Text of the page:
England's Ashes double-standard exposed amid Jonny Bairstow furore

The controversial stumping of Jonny Bairstow has left England furious - but cricket fans have pointed out they don't have much of a case to argue.

Ben Stokes and Jonny Bairstow react after the latter's wicket in the second Ashes Test.
Jonny Bairstow's controversial dismissal on day five at Lord's sparked outrage among England fans, but studious cricket die-hards have they have no right to the moral high ground. (Photo by Ryan Pierse/Getty Images) (Getty Images)

As England indulge in a collective dummy-spit over the nature of wicketkeeper Jonny Bairstow's second innings dismissal at the hands of Australian counterpart Alex Carey, studious cricket fans have started to unravel the stance taken in response by captain Ben Stokes and head coach Brendon McCullum. Australia took a 2-0 lead in the Ashes after winning by 43 runs at Lord's, with the subsequent debate about the 'spirit of cricket' insufficient to change the result.

Amusingly for many Australian fans, the notion of England invoking such an argument less than 24 hours after succesfully appealing to have Mitchell Starc's boundary line catch to dismiss Ben Duckett waved off proved comical. Many were quick to point out how Bairstow had attempted a similar stumping against Marnus Labuschagne on day three - despite Stokes' suggestion after the game that he would have withdrawn the appeal had England been in the same spot.

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“Would I have wanted to win a game in that manner? The answer for me is no,” Stokes said. Fellow former England captain Alistair Cook also bemoaned the outcome, saying it had left a 'bitter' feeling among spectators. Many fans and cricket observers however, have pointed out the numerous times in recent years that England have betrayed their seemingly stoic commitment to the 'spirit' of the game.

Stuart Broad, best remembered by many Australian fans for refusing to walk after obviously nicking a shot through to the keeper back in 2013, was quick to inform Carey that his dismissal of Bairstow would be the defining one of his career. He conveniently forgot he was at the centre of a similar appeal against New Zealand's Colin de Grandhomme last year.

On that occasion, the Kiwi batsman was standing outside his crease during an LBW shout, only to be sent packing after England ran him out. McCullum, who labelled Bairstow's dismissal the 'worst thing' he'd seen in cricket and said he'd hesitate to have a beer with the Australian side as a result, also has form of his own.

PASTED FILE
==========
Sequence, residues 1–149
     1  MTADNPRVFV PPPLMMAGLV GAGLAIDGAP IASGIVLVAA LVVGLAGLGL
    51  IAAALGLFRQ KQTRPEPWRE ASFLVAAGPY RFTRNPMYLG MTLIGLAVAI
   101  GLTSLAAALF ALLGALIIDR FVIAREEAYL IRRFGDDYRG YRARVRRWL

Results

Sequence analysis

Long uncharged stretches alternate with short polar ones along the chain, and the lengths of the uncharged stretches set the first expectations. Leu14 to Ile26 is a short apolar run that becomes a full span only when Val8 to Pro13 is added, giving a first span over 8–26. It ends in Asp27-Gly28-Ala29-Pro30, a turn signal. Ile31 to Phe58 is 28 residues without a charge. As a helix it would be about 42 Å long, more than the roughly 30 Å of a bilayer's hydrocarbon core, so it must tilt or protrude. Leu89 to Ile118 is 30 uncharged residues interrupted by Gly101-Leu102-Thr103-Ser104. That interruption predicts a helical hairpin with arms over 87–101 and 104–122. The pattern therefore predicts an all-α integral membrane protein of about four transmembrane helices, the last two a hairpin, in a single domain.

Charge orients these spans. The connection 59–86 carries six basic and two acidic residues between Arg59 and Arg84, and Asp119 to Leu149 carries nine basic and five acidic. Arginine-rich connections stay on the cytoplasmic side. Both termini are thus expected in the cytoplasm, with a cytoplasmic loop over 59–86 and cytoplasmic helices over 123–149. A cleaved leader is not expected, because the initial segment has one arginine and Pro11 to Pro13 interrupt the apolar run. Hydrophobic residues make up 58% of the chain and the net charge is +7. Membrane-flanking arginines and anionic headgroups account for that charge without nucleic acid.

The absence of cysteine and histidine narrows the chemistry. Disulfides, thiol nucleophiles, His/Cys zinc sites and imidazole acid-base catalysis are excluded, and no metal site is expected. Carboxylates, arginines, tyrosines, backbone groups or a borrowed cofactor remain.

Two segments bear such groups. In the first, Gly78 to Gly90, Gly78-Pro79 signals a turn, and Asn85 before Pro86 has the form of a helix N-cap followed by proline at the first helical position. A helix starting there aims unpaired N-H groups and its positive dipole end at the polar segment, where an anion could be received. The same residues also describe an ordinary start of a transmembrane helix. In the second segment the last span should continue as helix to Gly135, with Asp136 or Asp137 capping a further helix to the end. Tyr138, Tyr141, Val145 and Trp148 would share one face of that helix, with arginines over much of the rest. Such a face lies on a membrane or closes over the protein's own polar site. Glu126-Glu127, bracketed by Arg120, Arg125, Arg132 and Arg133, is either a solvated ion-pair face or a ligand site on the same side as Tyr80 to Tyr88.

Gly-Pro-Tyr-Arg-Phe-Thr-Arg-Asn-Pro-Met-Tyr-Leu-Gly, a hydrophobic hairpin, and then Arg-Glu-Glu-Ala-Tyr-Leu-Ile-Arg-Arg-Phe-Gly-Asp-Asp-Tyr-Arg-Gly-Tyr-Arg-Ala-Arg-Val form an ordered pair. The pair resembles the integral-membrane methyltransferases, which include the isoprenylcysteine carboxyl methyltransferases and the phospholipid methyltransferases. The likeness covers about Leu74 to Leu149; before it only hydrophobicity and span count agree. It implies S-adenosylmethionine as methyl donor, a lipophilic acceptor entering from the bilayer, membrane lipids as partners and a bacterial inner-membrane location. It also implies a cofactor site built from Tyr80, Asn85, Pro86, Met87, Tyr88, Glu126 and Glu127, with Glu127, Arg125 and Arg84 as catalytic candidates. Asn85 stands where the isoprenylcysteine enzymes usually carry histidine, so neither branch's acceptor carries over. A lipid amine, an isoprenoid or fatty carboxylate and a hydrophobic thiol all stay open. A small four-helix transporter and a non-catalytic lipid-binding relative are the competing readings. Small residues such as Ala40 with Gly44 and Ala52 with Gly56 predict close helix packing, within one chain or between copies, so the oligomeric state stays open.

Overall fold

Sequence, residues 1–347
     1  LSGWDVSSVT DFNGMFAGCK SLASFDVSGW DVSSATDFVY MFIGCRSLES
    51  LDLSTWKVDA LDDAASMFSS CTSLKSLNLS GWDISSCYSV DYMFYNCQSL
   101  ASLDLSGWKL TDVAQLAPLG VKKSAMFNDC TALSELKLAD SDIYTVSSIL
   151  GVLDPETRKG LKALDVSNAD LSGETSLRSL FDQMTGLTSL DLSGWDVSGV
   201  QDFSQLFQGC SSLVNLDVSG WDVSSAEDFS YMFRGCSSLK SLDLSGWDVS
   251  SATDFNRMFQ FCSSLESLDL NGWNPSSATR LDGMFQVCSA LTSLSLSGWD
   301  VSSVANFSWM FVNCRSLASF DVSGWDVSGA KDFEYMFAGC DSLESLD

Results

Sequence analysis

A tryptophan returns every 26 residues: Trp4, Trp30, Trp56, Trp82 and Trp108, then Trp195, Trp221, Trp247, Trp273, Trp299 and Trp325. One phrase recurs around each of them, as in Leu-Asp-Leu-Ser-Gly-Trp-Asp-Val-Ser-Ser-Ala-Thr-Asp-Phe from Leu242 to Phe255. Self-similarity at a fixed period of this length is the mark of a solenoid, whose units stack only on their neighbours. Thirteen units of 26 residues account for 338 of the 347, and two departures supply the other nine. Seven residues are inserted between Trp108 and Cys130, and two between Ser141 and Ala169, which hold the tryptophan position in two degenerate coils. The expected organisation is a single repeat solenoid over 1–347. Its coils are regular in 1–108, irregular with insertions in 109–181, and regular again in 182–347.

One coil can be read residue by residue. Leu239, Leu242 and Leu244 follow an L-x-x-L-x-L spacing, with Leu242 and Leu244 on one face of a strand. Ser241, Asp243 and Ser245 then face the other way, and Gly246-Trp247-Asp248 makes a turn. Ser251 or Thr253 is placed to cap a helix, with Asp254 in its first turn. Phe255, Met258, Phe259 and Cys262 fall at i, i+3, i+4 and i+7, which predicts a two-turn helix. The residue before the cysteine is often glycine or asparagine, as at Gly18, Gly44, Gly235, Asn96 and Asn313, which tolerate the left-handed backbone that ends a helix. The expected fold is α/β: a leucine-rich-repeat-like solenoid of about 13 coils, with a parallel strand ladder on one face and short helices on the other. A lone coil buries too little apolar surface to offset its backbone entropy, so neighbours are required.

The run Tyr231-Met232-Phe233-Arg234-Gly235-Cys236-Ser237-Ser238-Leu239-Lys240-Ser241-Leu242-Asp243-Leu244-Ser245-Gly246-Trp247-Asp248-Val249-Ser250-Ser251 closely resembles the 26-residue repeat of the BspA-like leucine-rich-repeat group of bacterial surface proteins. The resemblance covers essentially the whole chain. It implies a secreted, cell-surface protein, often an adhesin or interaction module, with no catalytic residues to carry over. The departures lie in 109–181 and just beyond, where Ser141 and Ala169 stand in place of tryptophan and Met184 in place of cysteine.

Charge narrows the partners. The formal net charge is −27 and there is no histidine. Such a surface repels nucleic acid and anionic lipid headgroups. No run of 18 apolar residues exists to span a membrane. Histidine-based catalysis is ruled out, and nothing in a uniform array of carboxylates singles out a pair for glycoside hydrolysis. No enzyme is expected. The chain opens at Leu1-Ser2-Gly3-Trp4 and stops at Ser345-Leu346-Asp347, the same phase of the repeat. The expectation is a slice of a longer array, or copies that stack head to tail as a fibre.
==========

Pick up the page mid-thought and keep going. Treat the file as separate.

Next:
On no less than three occasions - against Sri Lanka's Muttiah Muralitharan in 2006, Zimbabwe's Chris Mpofu in 2005 and England's Paul Collingwood in 2009 - McCullum threw down the stumps of a batsman otherwise not aware that the ball had not been declared dead by the on-field umpire.

In a one-day match against Ireland in 2019, England's keeper Ben Foakes secured a stumping against Ireland's Andy Balbirnie, holding on to the ball for a remarkably long time, waiting for the batsman to lift the foot he had grounded behind the crease for several seconds. The move was hailed as 'quick thinking' in a highlight still available on the ECB website.

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England fans erupted with the chant 'same old Aussies, always cheating' ringing around the crowd. In horrible scenes, the Aussies were met with vitriol in the prestigious Long Room at Lord's with Usman Khawaja calling out a fan.

The tension was frosty around the ground with all eyes on the handshake. After the match, Stokes was interviewed and the captain claimed he would have withdrawn his appeal if he was in Australia's position.

When this was put to Cummins on BBC Sport, the Aussie captain didn't entertain the idea after a brutal slap down of the English backlash.

Australian players celebrate in the moments after Jonny Bairstow stumped by Alex Carey.
Jonny Bairstow was stumped by Alex Carey in a moment that has sparked debates over the 'spirit of cricket'. (Photo by Gareth Copley/Getty Images) (Getty Images)

"OK," he said. In a separate interview after match, Cummins said the dismissal was legitimate. "I think Carey saw it happen a few balls previously. There was no pause. Catch it and throw it at the stumps. I thought it was totally fair play," Cummins said.

"That's how the rule is. Some people might disagree, just like the catch yesterday, the rule is there."

At the time, England players were left in shock with captain Ben Stokes talking to the Australian players in disbelief as the umpires reviewed the footage. After the match, Stokes claimed he wouldn't have wanted to win a test match in that manner.

"Jonny was in his crease and left his crease to come out and have the conversation, in between overs, like every batsman does," Stokes said in his post-match press conference. "If I was the fielding captain at the time, I would have put more pressure on the umpires to ask them what their decision was around the over.

"Then I would have had a think around the 'Spirit of the Game' and would I want to potentially win a game with something like that happening. And it would be no."

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